Shower Drain 2"?

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HereInOhio

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I roughed in a bathroom in my basement for a tub (1 1/2" PVC) but afterwards decided to install a shower instead. I see a 2" drain is suggested on here for showers. I'm assuming it's because if a shower clogs it overflows a lot faster than a tub.

The trap is connecting directly to the 3" drain via 3"x3"x2" wye (with 2" to 1 1/2" reducer already glued in). I wanted to mention this because there is not a lot of horizontal 1 1/2" pipe it's draining through.

Quick Question: Do I need to (or is it strongly suggested) to increase the trap from 1 1/2" to 2"? I'm hoping due to the short distance the 1 1/2" is fine.

I have cut and peeled off fittings before so I'm familiar/confident I can do so. I don't like doing it if I don't have to, I feel like the connection is somewhat weakened. Using the 2" would also push the trap past where it needs to be in the pan so I would have to run a short section of pipe and basically have the trap loop back if that makes sense.
 

Terry

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A 1.5" trap works, doesn't meet code now, but it did in the 60's when we had high flow shower heads.
I normally increase to 2" for the drain above the trap. There are plenty of folks as they get older that want a walk-in shower instead of their old tub.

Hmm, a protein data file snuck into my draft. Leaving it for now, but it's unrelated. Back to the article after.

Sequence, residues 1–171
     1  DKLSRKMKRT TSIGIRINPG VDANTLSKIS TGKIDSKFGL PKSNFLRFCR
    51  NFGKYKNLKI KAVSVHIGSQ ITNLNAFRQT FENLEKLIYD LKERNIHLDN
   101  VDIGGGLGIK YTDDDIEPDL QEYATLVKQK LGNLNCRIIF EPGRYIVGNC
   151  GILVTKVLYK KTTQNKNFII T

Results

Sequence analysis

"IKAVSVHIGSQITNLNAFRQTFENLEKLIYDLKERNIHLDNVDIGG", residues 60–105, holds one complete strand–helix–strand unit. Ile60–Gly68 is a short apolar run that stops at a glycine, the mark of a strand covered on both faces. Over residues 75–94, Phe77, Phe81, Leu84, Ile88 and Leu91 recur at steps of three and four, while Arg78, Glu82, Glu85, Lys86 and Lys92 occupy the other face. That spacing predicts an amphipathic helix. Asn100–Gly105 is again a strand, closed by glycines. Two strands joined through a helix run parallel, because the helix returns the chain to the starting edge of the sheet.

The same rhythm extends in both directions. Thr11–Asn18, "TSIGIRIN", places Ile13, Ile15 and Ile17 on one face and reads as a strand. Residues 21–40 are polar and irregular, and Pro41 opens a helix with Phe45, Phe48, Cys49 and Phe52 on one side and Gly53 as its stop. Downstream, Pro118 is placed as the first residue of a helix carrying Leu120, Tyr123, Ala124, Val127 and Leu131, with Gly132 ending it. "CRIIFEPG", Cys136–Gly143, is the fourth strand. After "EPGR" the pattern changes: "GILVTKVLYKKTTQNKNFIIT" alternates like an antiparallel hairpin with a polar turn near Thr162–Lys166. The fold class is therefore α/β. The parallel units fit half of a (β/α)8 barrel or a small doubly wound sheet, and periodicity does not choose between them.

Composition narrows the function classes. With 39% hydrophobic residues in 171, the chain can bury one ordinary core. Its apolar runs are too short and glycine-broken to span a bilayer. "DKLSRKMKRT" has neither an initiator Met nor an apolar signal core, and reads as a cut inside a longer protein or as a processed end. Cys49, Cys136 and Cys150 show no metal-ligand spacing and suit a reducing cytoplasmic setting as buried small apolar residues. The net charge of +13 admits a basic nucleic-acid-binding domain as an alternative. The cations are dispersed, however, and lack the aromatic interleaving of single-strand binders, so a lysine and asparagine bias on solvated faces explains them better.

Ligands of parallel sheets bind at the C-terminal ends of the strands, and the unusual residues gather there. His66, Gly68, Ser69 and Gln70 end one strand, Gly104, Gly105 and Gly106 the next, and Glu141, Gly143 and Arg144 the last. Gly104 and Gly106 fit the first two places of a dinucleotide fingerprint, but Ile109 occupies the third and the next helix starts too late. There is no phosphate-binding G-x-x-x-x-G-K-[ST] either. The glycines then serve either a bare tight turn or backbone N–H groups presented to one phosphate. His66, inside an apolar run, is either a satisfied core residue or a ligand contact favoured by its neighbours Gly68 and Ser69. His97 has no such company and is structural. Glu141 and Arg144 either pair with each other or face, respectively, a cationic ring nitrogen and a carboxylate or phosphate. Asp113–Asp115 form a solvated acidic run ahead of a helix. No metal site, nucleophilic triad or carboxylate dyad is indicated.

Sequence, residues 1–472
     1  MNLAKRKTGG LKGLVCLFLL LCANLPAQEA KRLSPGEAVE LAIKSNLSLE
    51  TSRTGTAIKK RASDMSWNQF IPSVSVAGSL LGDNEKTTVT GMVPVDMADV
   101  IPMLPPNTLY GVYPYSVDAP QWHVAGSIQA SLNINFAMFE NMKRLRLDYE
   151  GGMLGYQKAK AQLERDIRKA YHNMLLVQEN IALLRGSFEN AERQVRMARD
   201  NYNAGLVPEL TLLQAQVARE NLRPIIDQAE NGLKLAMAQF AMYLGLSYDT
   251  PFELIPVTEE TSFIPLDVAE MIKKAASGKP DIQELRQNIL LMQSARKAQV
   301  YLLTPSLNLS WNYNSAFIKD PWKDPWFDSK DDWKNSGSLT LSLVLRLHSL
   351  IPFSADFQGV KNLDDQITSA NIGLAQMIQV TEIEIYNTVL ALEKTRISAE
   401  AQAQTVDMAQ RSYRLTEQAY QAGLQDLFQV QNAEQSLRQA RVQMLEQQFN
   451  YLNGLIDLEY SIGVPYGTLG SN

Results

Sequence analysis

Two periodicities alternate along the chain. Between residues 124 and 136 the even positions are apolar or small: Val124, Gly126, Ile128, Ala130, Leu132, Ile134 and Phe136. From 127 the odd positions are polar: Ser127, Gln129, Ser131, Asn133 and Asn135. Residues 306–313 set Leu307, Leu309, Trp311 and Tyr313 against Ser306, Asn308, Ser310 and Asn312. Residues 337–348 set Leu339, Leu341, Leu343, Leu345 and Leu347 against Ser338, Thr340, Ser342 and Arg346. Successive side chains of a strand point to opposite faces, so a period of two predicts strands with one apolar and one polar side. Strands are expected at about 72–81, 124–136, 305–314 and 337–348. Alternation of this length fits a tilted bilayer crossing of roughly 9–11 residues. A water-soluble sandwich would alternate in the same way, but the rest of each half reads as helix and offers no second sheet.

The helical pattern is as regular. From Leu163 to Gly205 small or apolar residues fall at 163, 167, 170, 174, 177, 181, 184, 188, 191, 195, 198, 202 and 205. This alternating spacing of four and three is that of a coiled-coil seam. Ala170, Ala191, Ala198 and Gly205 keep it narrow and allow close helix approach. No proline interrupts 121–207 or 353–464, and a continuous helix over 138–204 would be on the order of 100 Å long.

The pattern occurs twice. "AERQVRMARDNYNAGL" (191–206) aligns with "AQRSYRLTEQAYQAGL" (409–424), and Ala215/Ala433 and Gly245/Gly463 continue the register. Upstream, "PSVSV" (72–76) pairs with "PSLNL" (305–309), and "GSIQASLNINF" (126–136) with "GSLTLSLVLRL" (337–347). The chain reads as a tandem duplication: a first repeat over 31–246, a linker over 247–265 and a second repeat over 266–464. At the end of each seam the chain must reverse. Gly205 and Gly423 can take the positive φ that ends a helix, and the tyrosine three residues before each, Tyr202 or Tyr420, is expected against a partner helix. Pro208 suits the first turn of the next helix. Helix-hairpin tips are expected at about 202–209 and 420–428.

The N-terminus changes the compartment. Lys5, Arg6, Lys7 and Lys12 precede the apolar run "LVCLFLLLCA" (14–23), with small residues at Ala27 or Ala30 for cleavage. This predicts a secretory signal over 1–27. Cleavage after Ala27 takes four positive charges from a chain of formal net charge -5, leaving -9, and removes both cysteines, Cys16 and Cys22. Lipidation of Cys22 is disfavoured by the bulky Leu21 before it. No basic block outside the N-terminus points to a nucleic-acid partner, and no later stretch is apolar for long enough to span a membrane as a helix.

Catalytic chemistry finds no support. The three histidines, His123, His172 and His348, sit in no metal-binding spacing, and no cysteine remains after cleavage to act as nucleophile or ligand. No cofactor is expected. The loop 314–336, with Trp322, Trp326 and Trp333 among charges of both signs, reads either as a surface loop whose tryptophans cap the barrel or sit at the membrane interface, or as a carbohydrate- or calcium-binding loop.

wwhitney

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IPC, in use in OH, allows a 1.5" shower drain/trap for up to 5.7 GPM of shower heads (IIRC). Seems like most shower drains are 2" so you'd have to adapt down to 1.5" to make the existing work. Switching everything to 2" would be cleanest.

What's the venting on the shower? If the 3x3x2 wye you mention is horizontal, and the 3" line is carrying only bathroom fixtures, including a dry vented lav, then that can wet vent the shower.

Cheers, Wayne
 

HereInOhio

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IPC, in use in OH, allows a 1.5" shower drain/trap for up to 5.7 GPM of shower heads (IIRC). Seems like most shower drains are 2" so you'd have to adapt down to 1.5" to make the existing work. Switching everything to 2" would be cleanest.

What's the venting on the shower? If the 3x3x2 wye you mention is horizontal, and the 3" line is carrying only bathroom fixtures, including a dry vented lav, then that can wet vent the shower.

Cheers, Wayne
The wye is only carrying bathroom fixtures and wet venting the shower via a dry vented lav as you mentioned.

The limited space is the main reason I'm trying to avoid removing the 1.5" reducer. In the past I used a multi tool to make small slices just barely through the piece I'm removing and peeled it back with needle nose. If it was real stubborn I used heat and it came off easily. I saw a drill bit that reams the old pipe or fitting out. Do you guys have any tricks or recommendations of what works easiest for a reasonable amount of $?
 

Reach4

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Tip or recommendation for what? --
removing a 2" x 1-1/2" PVC DWV Reducer Coupling?
p102-251-2.jpg

removing a 2" x 1-1/2" PVC Schedule 40 Spigot x Socket Bushing?
437-251-2.jpg
 

HereInOhio

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Tip or recommendation for what? --
removing a 2" x 1-1/2" PVC DWV Reducer Coupling?
p102-251-2.jpg

removing a 2" x 1-1/2" PVC Schedule 40 Spigot x Socket Bushing?
437-251-2.jpg
I have the bushing glued in:

bushing.GIF